DNS seems to have propagated, so now I can tell you about ...
ironruby.info is a new site I’ve been working on for a week or so; a place to track daily information about how IronRuby is doing. It shows simple performance and RubySpec information, compared to Ruby, and random build/source information. There’s a lot more to do, like tracking working set, showing graphs or historical data, and running traces popular Ruby frameworks to show which specs are “most important” to fix … but it provides some useful information already.
Oh, and the code is on github. stats.rb runs nightly collecting the data, and app.rb is the Sinatra website showing the data. Feel free to send me patches/changes, or fork it to track other implementation :)
Disclaimer: This information is gathered on a Intel Pentium 4 3.5 ghz machine, so performance numbers will be different if you have a faster processor and/or more processors/cores.
For startup time, it measures the time it takes to start ir.exe empty.rb from the command-line, where empty is a empty file. IronRuby is currently 10x slower for startup on average, regardless of whether you’re using the interpreter or not (though the interpreter is slightly faster … we’re working on fixing that).
The “100,000 Iterations” is just $a *= 2 100,000 times. Nothing fancy yet. Ideally we’d be running the ruby-benchmark-suite here. IronRuby is only 2.5x slower on this, but the interpreter is way slower. So, for now only use the interpreter for straight-line code ... no loops!
For those who don’t know what RubySpec is:
RubySpec is a project to write a complete, executable specification for the Ruby programming language.
IronRuby has been using this specification for a while now to gauge our progress towards being a Ruby-1.8.6 compliant implementation. They are divided into three sections: Language which tests Ruby itself, Core which tests the libraries which Ruby needs to run, like Array, Hash, etc, and Library which tests the Ruby standard library.
While these are a great judge of a Ruby implementation’s progress, they take a bit of time to run yourself (including setup time), and we never gave detailed reports of our own runs. So now, if you’re ever curious to know how IronRuby is doing, you can just check ironruby.info and get the data immediately. Pretty cool. “But wow, that’s a ton of red on the page.” --- yeah, it looks worse than it is, maybe I should use a range of red? Regardless, let’s explain the results.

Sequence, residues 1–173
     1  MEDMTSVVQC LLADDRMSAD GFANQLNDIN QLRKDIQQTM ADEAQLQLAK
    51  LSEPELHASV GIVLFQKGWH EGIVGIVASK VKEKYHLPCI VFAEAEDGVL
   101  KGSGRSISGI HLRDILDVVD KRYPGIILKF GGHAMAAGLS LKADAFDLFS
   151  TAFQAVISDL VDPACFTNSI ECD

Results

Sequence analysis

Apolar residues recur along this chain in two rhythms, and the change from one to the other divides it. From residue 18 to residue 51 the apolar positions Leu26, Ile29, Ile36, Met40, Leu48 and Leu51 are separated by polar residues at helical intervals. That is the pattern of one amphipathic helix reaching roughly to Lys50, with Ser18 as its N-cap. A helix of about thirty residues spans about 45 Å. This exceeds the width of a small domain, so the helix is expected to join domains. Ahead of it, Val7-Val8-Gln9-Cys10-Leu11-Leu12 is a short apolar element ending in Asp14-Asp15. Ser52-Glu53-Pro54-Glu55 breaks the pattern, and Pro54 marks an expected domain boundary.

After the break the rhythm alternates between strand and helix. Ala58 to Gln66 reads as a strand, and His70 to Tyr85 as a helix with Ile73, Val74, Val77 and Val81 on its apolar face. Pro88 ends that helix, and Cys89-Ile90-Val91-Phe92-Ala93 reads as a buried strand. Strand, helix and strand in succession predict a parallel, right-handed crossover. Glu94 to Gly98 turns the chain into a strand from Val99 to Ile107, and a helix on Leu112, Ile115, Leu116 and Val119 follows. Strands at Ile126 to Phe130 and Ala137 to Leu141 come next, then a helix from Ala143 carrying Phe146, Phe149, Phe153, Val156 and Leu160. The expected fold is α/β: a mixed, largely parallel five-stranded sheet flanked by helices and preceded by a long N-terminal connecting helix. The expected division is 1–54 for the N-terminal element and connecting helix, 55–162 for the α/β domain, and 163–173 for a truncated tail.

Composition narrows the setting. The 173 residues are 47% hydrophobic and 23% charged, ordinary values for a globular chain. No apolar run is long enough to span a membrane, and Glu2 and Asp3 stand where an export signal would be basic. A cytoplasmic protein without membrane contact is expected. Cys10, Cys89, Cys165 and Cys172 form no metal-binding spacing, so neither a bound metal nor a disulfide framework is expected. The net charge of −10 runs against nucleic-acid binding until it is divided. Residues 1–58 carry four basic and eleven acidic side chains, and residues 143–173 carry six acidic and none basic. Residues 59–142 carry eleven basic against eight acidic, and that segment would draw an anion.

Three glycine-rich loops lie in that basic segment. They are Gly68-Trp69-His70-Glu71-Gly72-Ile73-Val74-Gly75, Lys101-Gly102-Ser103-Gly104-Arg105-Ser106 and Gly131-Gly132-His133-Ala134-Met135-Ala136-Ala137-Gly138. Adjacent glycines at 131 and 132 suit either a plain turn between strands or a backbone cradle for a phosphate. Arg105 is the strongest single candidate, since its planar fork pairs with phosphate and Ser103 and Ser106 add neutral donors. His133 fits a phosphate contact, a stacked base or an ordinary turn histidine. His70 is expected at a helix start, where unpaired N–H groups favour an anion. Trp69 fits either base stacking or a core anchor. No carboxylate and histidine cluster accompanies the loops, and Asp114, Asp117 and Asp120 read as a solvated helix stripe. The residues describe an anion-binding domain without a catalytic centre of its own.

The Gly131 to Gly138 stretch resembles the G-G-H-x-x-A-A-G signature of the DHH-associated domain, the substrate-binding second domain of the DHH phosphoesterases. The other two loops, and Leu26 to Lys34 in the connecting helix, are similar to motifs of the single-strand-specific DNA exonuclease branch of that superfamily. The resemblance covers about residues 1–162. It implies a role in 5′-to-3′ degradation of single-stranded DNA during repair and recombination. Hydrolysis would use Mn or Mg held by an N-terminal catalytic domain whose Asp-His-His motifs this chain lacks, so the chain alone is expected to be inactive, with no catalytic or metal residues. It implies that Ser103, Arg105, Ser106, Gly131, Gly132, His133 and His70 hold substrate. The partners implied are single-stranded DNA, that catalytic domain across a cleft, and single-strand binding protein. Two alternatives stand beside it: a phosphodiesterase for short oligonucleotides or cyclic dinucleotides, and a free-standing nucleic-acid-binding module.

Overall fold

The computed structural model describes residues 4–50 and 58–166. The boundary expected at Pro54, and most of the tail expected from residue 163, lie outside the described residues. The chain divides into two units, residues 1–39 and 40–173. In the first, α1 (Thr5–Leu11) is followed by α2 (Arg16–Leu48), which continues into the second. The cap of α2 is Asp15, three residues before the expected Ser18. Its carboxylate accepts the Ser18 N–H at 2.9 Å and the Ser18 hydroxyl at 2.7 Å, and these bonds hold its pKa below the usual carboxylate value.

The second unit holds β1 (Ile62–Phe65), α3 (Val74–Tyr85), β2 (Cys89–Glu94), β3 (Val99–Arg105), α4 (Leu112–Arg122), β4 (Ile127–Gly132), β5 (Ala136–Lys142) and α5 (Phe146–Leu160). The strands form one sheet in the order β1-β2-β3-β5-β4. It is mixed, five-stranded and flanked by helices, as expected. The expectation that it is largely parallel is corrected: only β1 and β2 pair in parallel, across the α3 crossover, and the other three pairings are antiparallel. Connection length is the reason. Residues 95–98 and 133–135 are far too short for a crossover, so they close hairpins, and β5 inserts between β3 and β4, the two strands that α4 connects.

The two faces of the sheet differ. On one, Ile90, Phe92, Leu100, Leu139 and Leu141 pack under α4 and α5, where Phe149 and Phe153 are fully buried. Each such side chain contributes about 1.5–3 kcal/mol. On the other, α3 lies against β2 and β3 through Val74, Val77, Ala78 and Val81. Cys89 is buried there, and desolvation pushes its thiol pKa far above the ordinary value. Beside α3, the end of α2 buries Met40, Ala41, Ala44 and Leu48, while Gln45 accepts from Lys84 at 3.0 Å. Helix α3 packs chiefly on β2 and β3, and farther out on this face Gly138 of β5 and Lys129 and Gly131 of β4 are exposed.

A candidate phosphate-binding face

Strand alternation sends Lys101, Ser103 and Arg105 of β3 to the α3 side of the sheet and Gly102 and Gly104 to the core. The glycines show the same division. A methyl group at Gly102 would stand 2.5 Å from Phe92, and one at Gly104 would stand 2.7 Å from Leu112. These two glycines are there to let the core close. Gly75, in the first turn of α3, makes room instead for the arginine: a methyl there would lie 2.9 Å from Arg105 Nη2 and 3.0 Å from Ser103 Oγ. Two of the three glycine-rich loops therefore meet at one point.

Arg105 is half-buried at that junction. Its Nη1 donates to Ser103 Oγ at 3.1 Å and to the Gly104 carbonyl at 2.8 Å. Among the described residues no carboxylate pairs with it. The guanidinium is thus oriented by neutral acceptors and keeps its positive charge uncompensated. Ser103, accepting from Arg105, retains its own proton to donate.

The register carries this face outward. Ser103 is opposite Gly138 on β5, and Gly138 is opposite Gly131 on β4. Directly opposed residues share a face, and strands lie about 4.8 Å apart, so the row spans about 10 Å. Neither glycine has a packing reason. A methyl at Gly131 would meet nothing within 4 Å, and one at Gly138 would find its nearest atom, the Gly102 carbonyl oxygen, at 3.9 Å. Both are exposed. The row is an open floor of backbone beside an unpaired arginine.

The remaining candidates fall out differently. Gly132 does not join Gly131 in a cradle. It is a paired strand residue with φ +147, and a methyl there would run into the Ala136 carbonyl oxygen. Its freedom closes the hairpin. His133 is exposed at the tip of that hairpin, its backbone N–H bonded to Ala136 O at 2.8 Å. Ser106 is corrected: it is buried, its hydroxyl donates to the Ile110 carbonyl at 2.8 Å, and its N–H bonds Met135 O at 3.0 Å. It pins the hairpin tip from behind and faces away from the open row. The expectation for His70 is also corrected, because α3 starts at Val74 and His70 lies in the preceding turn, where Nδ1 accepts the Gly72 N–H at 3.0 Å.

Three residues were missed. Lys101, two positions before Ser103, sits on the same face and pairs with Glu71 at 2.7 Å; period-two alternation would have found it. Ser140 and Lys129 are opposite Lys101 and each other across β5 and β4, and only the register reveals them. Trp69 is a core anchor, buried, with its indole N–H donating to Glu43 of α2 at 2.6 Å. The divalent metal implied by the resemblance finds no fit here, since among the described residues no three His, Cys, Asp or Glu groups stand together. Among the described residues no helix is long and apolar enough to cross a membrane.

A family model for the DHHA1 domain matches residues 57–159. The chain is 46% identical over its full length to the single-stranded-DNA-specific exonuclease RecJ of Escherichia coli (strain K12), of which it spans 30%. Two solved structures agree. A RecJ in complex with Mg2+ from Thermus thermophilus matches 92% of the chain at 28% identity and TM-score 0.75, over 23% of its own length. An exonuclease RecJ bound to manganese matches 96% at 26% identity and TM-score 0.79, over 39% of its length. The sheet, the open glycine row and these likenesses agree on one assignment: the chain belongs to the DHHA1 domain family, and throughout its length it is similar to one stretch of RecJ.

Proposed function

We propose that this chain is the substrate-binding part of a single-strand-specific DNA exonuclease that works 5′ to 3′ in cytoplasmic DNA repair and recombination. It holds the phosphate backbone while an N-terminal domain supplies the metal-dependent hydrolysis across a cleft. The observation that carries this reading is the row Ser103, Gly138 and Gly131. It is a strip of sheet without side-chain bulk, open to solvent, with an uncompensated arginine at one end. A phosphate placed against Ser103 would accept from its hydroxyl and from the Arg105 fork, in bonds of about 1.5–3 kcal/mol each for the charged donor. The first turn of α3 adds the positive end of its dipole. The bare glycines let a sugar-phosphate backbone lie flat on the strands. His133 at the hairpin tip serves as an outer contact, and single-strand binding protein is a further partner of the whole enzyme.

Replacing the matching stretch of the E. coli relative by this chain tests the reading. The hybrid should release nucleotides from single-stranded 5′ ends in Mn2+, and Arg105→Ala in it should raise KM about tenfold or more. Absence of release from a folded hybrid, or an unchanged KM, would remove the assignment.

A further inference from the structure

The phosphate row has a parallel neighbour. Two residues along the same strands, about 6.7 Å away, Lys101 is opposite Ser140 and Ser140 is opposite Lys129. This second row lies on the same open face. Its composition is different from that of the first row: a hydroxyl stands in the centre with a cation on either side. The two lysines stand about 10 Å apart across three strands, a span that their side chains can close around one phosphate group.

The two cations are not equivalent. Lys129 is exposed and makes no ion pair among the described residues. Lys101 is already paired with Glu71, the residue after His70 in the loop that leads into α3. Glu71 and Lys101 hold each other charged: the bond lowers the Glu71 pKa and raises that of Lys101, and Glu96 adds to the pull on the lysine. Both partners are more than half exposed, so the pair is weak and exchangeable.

The pass rates in the ir.exe and ruby.exe columns are “the number of expectations which passed, divided by the total number of expectations which ruby.exe runs”. So the “all specs pass rate” number is the pure pass rate, regardless of how well/poor ruby.exe does. The “diff” column shows how far away IronRuby is from Ruby for each row.
Overall, IronRuby passes 86% of all the specs. Ruby (on Windows) passes 98%, so that leaves us with 12% of the specs left to get to Ruby compatibility on Windows. Not too shabby. The Core tests have the highest failure rate (-18%), followed by the Language tests (-5%), and the Library tests have a strangely-low failure rate (1.87%) since Ruby is running 482 expectations less than IronRuby … I need to investigate that.
The Core and Library specs are between 4-5x slower (Ruby’s Core specs report a WAY too long run time right now, usually they’re around 2 minutes). The Language specs are a whopping 50x slower, which is crazy. I have to investigate why.
There’s other fun facts it collects; build time, binary size, repository size. Not that interesting, but still good to see … I’d like to know if our repository size shoots up dramatically.
Anyway, that’s what ironruby.info gives you today. Hopefully this gives you an idea of where we are (getting close on the specs, and putting a lot of work into performance).